Observing an L.A. photographer

Julius Shulman
The daughter of legendary architectural photographer Julius Shulman remembers that, as a child growing up in Los Angeles, her father wasn't particularly eager to show her the city's landmarks. Judy McKee says, in fact, that she first remembers seeing Angels Flight with her neighbors. But in discussing her father's affection for Los Angeles, McKee leaves no doubt. Julius Shulman loves the varied neighborhoods, landscape and innovative architecture of L.A.

He is, she says, just as passionate about his dislike of over-commercialization and endless tract developments.

The just opened exhibit "Julius Shulman's Los Angeles" at the Los Angeles Public Library's Getty Gallery is a love letter (albeit a complex one) from Shulman to his city. The show is a survey of the city's development. Included are some of Shulman's most iconic images such as "Case Study House #22" (1960) and "Chemosphere" (1960). Viewers unfamiliar with Shulman's work may be surprised at the wide-ranging scope of his photographic wanderings. He takes us to Wilshire Boulevard, the Watts Towers, LAX, Hollywood Reservoir, and yes, even to Angels Flight. There are images of the San Fernando Valley and Baldwin Hills.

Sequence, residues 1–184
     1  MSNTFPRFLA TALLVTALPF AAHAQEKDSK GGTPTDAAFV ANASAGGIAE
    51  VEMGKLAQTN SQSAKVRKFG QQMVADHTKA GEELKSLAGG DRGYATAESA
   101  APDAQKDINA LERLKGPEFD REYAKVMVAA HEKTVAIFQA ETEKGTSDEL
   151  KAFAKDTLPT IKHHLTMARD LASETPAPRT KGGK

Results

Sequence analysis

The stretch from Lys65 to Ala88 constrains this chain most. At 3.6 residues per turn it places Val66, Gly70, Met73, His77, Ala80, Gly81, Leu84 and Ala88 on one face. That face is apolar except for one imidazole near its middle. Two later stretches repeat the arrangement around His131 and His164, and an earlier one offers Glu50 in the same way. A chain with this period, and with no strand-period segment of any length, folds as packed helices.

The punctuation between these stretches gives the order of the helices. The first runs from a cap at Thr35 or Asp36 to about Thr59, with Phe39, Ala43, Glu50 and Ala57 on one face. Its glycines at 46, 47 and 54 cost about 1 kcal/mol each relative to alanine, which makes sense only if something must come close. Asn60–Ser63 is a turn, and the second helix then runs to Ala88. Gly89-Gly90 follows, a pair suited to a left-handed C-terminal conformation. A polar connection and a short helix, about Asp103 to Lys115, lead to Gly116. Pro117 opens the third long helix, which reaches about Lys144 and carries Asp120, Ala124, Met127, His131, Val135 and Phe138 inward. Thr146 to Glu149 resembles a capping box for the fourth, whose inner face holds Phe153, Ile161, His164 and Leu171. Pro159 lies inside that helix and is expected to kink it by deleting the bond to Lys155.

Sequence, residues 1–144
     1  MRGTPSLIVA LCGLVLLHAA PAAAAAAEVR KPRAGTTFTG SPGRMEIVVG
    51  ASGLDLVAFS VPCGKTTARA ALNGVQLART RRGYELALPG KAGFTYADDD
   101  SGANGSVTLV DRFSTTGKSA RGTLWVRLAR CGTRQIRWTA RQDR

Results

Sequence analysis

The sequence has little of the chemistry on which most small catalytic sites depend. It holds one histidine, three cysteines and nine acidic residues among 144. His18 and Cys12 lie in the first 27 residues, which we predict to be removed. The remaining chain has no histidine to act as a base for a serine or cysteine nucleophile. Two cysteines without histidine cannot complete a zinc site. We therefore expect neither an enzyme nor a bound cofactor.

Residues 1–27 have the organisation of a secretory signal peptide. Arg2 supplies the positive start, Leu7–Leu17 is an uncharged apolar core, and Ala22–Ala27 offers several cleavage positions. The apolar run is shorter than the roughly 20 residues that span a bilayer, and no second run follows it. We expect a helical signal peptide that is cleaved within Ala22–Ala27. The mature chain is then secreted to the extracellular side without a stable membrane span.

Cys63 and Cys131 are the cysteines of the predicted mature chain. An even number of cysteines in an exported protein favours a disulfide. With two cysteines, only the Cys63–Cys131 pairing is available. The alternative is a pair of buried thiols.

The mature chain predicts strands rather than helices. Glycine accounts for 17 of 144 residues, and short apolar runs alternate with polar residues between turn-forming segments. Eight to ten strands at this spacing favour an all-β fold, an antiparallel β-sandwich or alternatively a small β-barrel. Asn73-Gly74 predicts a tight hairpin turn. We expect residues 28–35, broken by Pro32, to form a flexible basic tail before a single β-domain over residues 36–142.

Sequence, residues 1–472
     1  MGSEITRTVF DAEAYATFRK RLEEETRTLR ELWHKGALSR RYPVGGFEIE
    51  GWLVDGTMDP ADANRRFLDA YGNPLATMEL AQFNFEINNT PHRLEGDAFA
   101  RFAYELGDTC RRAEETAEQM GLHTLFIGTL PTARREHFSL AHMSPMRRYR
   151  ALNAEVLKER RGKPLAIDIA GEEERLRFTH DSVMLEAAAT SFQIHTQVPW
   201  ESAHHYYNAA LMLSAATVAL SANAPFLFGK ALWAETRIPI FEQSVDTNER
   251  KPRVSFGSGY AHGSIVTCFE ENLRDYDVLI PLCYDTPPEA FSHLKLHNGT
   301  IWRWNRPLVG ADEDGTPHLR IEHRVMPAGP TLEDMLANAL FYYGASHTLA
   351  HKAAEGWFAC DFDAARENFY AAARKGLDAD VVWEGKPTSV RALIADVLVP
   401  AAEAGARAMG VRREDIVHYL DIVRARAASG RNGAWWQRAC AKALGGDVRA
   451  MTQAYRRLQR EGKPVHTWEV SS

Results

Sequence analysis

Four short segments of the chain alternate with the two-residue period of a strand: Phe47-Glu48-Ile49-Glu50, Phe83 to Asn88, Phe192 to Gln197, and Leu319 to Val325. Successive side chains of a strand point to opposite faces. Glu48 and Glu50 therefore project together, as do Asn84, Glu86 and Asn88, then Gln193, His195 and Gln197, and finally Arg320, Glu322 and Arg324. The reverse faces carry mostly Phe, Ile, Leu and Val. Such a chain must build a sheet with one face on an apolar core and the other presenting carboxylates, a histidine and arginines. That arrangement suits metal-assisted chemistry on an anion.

He expresses his disdain for cookie-cutter tract housing in a 1960 photograph of a neighborhood With oil fields in the distance. His dismay at the destruction of private homes in favor of office buildings downtown is evident in "The Saltbox and the Castle, the Last Remaining Houses on Bunker Hill" (1967), shown here.

Although Shulman fulfilled his duty to the clients who retained his eye, I was struck in this show by how he also communicated his personal feelings about the effect architecture has on a city and, ultimately, on the people who reside there.

If Los Angeles had a list of municipal treasures, Shulman would certainly be on it. As a resident since 1920, he has been a keen observer and documentarian of the city's architectural history and growth. His images of California Modernist architecture, made in the 1950's and 1960's, define that period as much as the buildings themselves do. When Shulman began his career as a professional photographer in 1936 (through a now-famous chance encounter with architect Richard Neutra) he had no way of knowing what kind of impact his images would ultimately have. This exhibit at the Central Library displays the passion Shulman feels for Los Angeles and the persistence of his razor-sharp vision in expressing it.

On Nov. 7 at 7 pm in the library's Mark Taper Auditorium, Shulman will discuss his life and the city with the Getty Institute's Wim de Wit, co-curator of the exhibition. It's part of the Aloud series. "Julius Shulman's Los Angeles" can be viewed at the LAPL Getty Gallery until January 20.

Previously in this series

Photo: Used with permission. Julius Shulman Photography Archive, Research Library at the Getty Research Institute.

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